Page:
Modern Latin America

Catalog Search > Humanities & Social Sciences > 43.212

Note: This course is not available for the current semester.

Course No: 43.212; Last Offered: Summer 2013;

Course Description

Modern Latin America, a 200-level course, surveys Latin America from independence in the early nineteenth century to the present using primary sources, a textbook, and scholarly works. It begins with an understanding of the political, social, and economic context from which ideas of independence emerged and consideres the wars for independence. We will spend a significant part of the course studying nation-building: how did the leaders of new nations define their nations and the values that would guide them? Who was included and who was excluded in the process of nation-building? The next part of the course examines the demands of groups originally excluded: the indigenous population, women, and the poor. The portion of the course covering the twentieth century emphasizes Latin America's international connections, focusing on influence from the United States and the effectds of world wars on the region. Mass politics also emerge, and are expressed in the Mexican Revolution and in Peronism. We also wiill consider the Cuban Revolution and its wider effects in the region. We will conclude our survey of the region by considering how historical trends continue to affect politics today. For example, the Bolivian political scene continues to be affected by the events and outcome of the War of the Pacific (1879-1883) and by a strong indigenist movement.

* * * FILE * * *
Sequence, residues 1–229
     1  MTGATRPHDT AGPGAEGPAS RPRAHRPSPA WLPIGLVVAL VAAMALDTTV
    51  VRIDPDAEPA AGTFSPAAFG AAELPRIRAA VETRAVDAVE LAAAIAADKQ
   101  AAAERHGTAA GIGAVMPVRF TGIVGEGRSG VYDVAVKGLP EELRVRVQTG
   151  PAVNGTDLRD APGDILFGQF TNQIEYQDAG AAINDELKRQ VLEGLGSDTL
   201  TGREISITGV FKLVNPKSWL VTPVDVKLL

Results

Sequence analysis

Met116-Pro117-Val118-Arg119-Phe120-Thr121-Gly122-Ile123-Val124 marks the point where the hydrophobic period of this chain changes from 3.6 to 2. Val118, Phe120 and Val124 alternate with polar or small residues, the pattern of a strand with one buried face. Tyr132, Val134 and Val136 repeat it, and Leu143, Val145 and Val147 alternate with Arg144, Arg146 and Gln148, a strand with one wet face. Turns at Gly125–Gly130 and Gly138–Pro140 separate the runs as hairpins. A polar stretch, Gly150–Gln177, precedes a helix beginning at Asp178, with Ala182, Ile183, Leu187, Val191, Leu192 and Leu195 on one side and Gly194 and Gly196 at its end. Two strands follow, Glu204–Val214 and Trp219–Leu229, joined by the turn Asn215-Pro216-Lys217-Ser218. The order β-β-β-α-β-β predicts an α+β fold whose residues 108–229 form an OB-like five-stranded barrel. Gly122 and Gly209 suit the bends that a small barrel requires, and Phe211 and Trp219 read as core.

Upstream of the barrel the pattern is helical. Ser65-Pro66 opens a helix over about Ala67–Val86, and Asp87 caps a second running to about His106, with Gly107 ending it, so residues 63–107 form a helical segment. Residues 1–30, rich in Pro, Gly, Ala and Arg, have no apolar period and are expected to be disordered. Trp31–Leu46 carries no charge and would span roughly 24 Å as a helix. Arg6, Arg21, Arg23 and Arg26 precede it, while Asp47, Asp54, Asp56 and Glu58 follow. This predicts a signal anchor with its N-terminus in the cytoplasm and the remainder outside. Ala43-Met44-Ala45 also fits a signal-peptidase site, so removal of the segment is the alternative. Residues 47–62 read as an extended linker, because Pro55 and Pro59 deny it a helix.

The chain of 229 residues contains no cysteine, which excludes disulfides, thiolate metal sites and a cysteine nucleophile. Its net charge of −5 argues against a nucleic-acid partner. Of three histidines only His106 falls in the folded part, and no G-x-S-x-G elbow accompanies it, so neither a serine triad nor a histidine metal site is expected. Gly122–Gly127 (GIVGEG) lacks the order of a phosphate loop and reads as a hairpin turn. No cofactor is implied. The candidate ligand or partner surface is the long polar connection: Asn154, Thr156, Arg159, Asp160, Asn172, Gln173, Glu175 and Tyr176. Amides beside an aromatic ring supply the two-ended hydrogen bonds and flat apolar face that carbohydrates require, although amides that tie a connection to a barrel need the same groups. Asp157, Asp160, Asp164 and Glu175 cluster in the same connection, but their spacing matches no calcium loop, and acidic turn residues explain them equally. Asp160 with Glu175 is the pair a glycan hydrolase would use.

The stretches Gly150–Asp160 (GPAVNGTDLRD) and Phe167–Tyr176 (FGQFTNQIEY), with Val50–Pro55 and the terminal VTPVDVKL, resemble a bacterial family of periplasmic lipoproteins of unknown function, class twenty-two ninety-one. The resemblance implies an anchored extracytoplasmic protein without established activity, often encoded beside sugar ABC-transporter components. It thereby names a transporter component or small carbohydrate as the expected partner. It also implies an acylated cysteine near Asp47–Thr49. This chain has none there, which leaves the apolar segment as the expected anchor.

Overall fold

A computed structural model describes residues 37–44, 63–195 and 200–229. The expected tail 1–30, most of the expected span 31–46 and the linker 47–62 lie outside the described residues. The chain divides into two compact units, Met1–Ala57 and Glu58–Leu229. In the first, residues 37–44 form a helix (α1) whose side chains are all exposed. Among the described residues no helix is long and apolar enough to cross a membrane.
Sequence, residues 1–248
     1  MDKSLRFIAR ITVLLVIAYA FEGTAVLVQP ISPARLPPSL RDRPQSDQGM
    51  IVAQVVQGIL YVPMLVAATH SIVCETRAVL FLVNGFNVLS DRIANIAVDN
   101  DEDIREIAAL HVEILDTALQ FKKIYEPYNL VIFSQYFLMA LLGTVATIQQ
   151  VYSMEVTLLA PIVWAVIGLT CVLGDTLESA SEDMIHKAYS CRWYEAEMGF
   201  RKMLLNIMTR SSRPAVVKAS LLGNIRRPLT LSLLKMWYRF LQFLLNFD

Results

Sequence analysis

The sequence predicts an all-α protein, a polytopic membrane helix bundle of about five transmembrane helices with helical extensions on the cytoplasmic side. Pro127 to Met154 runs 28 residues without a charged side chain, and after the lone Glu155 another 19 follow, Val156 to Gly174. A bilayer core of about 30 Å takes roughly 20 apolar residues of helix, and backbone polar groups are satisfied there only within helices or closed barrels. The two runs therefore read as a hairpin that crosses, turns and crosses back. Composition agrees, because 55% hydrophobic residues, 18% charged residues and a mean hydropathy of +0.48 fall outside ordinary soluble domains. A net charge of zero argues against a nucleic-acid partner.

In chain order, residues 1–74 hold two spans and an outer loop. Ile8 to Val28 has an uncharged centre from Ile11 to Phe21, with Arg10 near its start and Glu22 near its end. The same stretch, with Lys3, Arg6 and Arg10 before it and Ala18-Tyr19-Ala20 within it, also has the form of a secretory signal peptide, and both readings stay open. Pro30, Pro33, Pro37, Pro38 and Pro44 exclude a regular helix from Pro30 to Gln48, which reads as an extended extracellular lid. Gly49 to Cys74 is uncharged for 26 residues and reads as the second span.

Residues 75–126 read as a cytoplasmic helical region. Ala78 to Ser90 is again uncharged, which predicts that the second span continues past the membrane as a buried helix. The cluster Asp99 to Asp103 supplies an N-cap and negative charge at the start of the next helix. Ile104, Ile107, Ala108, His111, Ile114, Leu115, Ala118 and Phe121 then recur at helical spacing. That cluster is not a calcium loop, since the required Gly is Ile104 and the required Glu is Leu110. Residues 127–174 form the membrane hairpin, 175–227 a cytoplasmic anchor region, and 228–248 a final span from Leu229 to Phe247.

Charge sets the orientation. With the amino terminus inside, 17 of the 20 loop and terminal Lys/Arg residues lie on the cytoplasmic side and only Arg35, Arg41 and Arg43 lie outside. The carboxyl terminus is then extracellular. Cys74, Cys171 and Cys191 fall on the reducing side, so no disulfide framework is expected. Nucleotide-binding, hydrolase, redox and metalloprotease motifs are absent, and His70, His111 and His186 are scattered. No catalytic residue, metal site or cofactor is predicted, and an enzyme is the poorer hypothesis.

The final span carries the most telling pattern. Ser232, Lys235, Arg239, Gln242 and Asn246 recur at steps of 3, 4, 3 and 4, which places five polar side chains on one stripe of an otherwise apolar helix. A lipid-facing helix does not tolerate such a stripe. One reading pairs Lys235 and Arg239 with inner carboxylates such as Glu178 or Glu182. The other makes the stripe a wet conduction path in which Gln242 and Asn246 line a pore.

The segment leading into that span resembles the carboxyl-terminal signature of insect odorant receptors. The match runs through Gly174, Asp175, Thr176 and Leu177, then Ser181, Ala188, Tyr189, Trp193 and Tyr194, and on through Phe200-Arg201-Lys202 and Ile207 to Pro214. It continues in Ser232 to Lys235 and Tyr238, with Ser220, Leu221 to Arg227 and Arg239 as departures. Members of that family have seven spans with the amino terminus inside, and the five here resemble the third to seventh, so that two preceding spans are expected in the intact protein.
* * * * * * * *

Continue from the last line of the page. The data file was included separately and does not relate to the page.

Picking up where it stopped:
Prerequisites & Notes

  • Prerequisites:
  • Special Notes:

Questions About This Course?

Contact the Advising Center at 978-934-2474 or

Use the Back button in your browser to go back to search results.